Victims of certain crimes who have suffered substantial mental or physical abuse while in the United States, and who are willing to assist law enforcement or other government officials in prosecuting the crime, are eligible to apply for “U Status.” U Status permits victims to remain in the United States, and they are eligible to apply later for permanent residency and ultimately U.S. Citizenship. However, recent policy updates from U.S. Citizenship and Immigration Services (“USCIS”) will make it harder for victims to come forward.
Under former administrations, individuals who had applied for U Status would not be at risk for deportation if their application was ultimately denied, as this would produce a chilling effect on victims of crimes willing to come forward. Immigration law and policy is rapidly changing, and the current policy in 2019 allows for victims who have had their application denied to be subject to detention and for the initiation of immigration removal (deportation) proceedings.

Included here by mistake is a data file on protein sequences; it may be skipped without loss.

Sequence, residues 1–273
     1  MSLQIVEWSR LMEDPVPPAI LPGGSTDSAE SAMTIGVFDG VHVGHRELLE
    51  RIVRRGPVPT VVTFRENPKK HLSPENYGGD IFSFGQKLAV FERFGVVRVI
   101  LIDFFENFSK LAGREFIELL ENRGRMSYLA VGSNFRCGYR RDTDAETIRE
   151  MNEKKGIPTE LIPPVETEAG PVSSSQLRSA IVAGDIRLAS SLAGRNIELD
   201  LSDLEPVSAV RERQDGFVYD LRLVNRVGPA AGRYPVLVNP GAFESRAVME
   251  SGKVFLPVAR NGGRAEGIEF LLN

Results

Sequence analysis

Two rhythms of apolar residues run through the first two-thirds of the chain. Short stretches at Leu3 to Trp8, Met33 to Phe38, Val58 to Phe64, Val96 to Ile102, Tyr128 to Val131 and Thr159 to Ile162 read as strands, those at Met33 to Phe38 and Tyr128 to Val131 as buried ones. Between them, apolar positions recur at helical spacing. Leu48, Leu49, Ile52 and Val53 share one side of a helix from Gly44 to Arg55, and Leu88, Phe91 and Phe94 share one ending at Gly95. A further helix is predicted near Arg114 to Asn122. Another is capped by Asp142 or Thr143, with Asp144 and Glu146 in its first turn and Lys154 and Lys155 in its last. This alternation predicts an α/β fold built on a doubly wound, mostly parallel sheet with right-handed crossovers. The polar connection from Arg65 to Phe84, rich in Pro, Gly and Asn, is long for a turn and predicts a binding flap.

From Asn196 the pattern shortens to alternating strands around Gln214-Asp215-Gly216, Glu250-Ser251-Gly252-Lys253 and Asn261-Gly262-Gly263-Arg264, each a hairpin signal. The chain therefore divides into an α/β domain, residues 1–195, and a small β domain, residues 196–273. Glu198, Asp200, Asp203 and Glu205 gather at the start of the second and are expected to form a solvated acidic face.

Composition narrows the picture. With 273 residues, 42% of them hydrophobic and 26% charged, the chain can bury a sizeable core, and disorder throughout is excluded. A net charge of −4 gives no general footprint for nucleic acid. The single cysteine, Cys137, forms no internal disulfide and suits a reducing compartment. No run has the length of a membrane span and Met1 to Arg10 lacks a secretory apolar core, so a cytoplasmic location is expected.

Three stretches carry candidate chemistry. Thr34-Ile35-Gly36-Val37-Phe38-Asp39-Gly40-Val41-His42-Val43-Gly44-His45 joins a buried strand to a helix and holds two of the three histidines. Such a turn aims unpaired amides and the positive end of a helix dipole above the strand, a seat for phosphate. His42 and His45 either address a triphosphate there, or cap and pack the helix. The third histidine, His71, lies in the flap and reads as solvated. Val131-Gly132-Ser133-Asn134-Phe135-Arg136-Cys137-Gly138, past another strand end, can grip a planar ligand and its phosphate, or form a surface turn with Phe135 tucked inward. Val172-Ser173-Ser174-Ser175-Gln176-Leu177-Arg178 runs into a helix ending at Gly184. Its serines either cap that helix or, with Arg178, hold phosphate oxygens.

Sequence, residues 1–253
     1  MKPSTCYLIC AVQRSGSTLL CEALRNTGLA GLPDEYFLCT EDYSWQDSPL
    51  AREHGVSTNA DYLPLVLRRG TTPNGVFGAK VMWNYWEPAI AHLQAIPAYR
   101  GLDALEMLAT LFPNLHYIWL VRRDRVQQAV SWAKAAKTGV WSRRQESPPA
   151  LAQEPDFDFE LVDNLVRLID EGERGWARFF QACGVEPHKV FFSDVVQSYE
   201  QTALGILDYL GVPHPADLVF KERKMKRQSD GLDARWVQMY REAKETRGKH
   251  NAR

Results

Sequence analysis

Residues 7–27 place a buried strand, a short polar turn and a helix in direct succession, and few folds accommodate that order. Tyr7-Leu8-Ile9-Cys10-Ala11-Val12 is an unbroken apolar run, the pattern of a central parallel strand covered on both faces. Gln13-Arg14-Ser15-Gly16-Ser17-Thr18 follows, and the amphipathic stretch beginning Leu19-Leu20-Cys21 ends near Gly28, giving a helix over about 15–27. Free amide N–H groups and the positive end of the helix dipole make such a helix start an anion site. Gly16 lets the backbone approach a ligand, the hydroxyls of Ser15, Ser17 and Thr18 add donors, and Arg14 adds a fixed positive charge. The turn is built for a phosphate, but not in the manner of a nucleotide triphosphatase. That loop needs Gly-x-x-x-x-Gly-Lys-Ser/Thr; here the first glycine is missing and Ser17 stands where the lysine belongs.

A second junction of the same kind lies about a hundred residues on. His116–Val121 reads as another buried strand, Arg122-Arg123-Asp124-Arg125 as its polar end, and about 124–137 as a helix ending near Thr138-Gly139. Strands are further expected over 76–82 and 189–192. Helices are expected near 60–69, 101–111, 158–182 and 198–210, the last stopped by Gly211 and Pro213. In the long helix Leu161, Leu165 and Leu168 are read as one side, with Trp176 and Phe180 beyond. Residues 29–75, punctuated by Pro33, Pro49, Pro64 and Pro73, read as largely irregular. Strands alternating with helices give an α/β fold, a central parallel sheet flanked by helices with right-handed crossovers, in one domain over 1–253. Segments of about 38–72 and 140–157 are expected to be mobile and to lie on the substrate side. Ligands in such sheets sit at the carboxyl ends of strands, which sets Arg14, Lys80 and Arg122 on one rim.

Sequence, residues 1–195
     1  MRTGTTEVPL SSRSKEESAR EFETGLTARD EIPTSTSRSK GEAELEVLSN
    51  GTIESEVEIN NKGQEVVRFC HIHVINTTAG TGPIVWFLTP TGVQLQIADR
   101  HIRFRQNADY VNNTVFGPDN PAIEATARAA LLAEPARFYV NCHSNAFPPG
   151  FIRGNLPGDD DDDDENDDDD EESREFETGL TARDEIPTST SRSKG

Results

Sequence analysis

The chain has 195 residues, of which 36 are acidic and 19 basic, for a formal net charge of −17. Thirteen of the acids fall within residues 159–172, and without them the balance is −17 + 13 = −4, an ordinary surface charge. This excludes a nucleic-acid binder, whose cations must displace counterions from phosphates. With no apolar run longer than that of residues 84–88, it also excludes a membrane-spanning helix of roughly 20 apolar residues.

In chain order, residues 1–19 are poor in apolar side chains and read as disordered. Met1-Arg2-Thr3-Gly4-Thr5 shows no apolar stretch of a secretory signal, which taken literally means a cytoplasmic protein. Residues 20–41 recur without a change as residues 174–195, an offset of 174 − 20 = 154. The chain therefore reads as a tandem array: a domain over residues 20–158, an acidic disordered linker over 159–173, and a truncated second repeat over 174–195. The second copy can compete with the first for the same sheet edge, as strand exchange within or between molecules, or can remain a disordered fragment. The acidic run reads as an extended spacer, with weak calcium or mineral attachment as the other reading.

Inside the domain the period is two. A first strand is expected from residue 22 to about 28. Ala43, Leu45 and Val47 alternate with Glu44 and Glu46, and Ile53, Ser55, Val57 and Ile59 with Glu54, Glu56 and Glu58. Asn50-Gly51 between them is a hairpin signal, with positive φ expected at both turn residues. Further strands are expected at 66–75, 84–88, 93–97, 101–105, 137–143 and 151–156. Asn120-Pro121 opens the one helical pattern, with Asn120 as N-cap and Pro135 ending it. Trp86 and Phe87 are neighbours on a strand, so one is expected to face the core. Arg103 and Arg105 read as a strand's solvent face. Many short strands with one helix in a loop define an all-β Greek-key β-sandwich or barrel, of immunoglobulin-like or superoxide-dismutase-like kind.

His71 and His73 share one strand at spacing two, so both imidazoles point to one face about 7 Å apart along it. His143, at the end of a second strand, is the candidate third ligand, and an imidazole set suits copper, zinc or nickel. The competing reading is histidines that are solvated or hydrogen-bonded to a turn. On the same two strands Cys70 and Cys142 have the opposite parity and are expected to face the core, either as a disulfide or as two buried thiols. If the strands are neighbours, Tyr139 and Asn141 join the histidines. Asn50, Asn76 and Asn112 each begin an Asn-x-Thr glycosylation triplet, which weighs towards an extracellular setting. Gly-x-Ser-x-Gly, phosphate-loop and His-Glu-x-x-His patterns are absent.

This policy puts those at risk who have filed an application on their own and did not provide sufficient documentation or corroboration of their claim. It is therefore absolutely necessary to hire an attorney to represent you when filing for U Status. If you or someone you know is a victim of crime, or has questions about U Status, give the attorneys at Saenz & Maniatis, PLLC a call at our office.